A second opinion

Today is second opinion day. Not that I’ve had a full first opinion yet: despite the fact that the hospital is aware of my pregnancy and that I may need to take some hard decisions sooner rather than later they seem incapable of speeding things up. Having been told I could probably get some interim results from my surgery and lymph node biopsy at the end of last week, no histopathology appeared to have been done at all when I called. I was distraught.

It seems to me that the hospital regards my pregnancy as a huge inconvenience – it simply doesn’t fit into their way of seeing/doing/treating things. But surely this can’t be the first time they’ve encountered a pregnant women with breast cancer (they are a specialist BC unit after all)? I know it’s rare but it’s not unheard of – in fact I’ve seen some stats that suggest BC occurs in one in every 3,000 pregnancies (though that seems a bit high to me).

Anyway, thanks to my wonderful GP I have an appointment later today with an extremely well-regarded consultant at another hospital. If all goes well, I shall transfer my treatment to Hospital B. It may sound melodramatic, but frankly I don’t feel particularly safe at Hospital A – I’ve lost all confidence in them at any rate.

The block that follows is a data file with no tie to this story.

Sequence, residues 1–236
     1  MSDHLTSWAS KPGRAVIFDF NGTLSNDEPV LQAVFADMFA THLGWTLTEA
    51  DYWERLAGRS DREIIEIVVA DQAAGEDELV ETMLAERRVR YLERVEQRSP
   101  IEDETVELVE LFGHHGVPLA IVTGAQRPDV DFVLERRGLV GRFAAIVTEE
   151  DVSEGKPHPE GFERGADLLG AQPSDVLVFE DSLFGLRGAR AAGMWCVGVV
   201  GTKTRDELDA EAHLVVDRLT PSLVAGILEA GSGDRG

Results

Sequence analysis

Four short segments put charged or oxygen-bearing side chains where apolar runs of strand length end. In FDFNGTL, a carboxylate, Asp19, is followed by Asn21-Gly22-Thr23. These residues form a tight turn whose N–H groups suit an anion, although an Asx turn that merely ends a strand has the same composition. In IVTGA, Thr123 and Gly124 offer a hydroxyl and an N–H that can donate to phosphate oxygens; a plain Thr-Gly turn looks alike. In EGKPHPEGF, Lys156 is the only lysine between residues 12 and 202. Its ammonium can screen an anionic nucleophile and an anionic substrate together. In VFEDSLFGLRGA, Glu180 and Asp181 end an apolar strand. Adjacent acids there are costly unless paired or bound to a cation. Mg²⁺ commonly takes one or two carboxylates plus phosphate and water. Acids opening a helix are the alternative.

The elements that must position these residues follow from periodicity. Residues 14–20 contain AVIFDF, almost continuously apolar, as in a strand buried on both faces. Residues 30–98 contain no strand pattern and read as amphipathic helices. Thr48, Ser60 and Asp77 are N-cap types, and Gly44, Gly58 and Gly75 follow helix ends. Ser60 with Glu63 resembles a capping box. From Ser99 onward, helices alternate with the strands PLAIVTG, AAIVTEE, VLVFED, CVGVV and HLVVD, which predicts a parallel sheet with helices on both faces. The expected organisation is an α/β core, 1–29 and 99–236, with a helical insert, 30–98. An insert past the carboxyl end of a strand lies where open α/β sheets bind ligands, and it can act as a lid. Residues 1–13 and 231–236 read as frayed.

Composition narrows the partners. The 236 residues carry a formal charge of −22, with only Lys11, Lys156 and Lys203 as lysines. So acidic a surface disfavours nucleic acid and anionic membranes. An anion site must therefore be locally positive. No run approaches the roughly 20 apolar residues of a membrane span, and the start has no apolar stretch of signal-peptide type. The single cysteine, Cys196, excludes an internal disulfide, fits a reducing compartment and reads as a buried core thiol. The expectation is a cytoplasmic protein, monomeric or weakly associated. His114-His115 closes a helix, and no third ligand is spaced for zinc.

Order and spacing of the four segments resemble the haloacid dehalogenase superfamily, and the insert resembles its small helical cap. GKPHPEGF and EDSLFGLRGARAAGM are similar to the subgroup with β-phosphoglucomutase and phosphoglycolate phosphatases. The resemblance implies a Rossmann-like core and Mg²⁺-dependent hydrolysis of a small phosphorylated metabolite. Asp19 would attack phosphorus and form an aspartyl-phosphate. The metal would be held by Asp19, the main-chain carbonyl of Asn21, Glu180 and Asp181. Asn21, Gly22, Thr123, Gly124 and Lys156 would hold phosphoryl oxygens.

It feels like it’s been a battle from the start, and I don’t have the energy for it. I could rant for hours but there’s no point. (I’ve also complained but that doesn’t seem to have done much good either.)

Suffice it to say that things like the ward sister assuming I’d come in for ear, nose and throat surgery rather than breast cancer surgery, and one of the nurses looking like a frightened rabbit when I told her I was pregnant (“And you’re having a general anaesthetic?! No one told us!”), have not helped.

There was also an incident where, an hour after I’d received my initial diagnosis and was sitting in the waiting room I was approached by a doctor who leaned over, thrust a piece of paper into my hand and mumbled something that seemed to finish with the words “…in the event of your death – God forbid – you can help others.” It appeared she was trying to recruit me for a clinical study. When I complained about her inappropriate and insensitive approach she maintained that she had said “blood clot”, not “death”. Maybe so, but if she’d bothered to sit down and explain things properly, or even better done it in a different place and at a different time, the situation wouldn’t have arisen in the first place.

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